Originally Published 1/13/2013 @ 10:33pm
Effects of Heat
You must keep the fuel and fuel lines as cool as possible in the engine compartment. Gasoline boils at 150 degrees F., which is easily obtained in the summertime. Isolate the lines with insulation. Between runs, lift or remove the hood to allow the rising hot air to escape instead of providing heat to your fuel line and carburetor. If the carb float bowl reaches 190 degrees, the fuel will vaporize. Hot fuel can cause erratic problems throughout the staging lanes and on the track.
What causes high under-hood temperatures? Usually, high-compression engines run at higher rpm, lean-jetted engines, and engines run over- advanced (ignition timing) create higher temperature problems. In addition, headers increase under-hood temperatures due to extra surface area of the exhaust system. I tried header insulating wrap to reduce heat in the engine compartment. The wrap may have done its job, but the results were undetectable in my car.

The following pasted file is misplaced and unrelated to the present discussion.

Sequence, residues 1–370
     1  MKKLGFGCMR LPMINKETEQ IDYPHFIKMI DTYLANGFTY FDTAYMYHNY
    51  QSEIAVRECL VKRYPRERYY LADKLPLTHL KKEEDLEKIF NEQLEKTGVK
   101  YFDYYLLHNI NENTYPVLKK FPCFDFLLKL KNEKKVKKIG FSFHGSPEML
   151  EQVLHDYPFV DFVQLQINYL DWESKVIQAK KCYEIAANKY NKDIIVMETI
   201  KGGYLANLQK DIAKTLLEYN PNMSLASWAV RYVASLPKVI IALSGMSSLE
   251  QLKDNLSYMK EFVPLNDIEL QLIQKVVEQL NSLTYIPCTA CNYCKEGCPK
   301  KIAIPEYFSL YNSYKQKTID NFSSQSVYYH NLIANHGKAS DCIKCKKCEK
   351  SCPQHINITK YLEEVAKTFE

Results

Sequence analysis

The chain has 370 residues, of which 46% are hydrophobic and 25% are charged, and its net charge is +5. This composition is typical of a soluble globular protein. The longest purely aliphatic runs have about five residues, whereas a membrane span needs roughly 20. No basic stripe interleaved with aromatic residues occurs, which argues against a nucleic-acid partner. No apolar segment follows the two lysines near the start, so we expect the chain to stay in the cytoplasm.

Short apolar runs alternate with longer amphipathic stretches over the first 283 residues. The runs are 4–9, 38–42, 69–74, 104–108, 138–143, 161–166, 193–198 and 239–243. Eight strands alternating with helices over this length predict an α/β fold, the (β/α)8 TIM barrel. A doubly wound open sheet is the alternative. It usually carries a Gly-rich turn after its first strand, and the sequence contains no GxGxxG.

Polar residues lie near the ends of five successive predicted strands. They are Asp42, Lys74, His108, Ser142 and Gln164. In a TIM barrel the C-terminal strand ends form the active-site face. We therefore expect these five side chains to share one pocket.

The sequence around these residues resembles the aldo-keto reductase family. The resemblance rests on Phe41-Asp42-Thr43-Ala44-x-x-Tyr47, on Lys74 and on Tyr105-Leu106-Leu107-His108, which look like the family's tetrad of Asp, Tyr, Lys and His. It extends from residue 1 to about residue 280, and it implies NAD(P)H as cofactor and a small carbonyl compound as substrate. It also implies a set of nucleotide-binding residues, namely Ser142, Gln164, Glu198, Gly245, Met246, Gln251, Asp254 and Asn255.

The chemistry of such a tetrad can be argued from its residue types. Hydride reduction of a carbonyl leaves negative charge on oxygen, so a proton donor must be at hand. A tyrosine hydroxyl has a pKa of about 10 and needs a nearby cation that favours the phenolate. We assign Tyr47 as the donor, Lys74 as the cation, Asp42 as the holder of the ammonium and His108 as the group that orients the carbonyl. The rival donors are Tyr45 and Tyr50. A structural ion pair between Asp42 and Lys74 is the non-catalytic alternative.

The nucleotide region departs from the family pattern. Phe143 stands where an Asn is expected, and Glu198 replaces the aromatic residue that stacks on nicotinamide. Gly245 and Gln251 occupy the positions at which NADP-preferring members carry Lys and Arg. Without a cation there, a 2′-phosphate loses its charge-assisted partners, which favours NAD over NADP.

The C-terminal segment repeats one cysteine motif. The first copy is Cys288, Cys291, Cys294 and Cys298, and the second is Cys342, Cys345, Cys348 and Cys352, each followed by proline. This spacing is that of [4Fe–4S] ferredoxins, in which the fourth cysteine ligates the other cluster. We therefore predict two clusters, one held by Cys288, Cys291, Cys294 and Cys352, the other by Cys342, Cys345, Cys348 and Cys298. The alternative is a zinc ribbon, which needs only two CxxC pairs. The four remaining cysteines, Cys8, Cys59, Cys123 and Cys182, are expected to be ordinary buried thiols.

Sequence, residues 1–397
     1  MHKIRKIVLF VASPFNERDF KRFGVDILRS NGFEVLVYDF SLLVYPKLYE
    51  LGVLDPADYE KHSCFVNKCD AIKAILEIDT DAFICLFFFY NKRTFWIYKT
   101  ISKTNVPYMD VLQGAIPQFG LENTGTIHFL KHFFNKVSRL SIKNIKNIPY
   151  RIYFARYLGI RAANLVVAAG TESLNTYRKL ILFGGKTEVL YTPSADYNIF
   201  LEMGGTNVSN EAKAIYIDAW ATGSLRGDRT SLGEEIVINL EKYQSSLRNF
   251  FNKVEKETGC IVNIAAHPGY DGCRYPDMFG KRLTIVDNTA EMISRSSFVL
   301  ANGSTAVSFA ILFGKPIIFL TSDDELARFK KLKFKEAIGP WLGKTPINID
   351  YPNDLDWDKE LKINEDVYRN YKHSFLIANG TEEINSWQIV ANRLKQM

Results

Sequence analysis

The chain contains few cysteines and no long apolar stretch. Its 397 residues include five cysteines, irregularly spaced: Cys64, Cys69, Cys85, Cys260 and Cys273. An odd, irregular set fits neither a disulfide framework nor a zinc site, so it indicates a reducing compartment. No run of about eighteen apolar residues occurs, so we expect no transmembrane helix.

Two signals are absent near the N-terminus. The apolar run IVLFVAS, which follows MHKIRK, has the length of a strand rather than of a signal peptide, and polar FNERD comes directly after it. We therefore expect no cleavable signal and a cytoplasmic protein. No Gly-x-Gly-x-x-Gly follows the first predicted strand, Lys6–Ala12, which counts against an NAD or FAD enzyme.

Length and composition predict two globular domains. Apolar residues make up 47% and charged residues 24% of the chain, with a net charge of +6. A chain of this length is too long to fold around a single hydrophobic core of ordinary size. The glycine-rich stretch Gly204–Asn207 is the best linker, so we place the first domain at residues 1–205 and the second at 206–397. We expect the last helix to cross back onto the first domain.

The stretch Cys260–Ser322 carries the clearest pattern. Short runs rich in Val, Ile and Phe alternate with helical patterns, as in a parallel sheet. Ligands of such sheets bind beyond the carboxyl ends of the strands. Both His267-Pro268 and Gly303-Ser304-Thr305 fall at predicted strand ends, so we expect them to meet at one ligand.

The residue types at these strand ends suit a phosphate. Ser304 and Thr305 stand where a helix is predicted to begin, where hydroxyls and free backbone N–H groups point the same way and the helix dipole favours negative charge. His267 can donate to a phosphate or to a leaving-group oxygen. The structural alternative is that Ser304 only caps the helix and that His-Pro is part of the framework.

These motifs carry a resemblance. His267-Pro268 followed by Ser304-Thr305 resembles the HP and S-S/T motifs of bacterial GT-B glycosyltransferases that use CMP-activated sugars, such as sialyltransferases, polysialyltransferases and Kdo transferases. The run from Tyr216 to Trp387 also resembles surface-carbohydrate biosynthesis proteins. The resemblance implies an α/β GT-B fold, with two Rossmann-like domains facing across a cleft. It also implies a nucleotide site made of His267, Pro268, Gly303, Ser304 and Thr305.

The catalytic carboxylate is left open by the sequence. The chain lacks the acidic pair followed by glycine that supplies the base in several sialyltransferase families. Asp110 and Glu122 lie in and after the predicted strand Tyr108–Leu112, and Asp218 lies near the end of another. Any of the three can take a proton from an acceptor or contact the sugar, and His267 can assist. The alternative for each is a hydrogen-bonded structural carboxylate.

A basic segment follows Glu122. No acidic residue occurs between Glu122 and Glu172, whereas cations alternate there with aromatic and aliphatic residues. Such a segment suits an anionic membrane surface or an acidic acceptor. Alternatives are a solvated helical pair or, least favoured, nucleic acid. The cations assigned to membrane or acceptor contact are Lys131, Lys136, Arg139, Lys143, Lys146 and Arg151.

A well-worn cam can also cause overheating. If the exhaust lobe does not efficiently vent the hot gases, the gases get trapped in the cylinder. This causes an increase in residual head temperature that is hard to identify and leads to burned valves, pistons, and rings. How can we detect a worn lobe? Unfortunately, a compression check doesn’t indicate the condition of the exhaust lobes at cranking speed. It tests the sealing abilities of the valves and rings. However, a dial indicator placed on the valve retainer while rotating the engine by hand can show us the valve lift. Worn lobes show up as reduced valve lifts.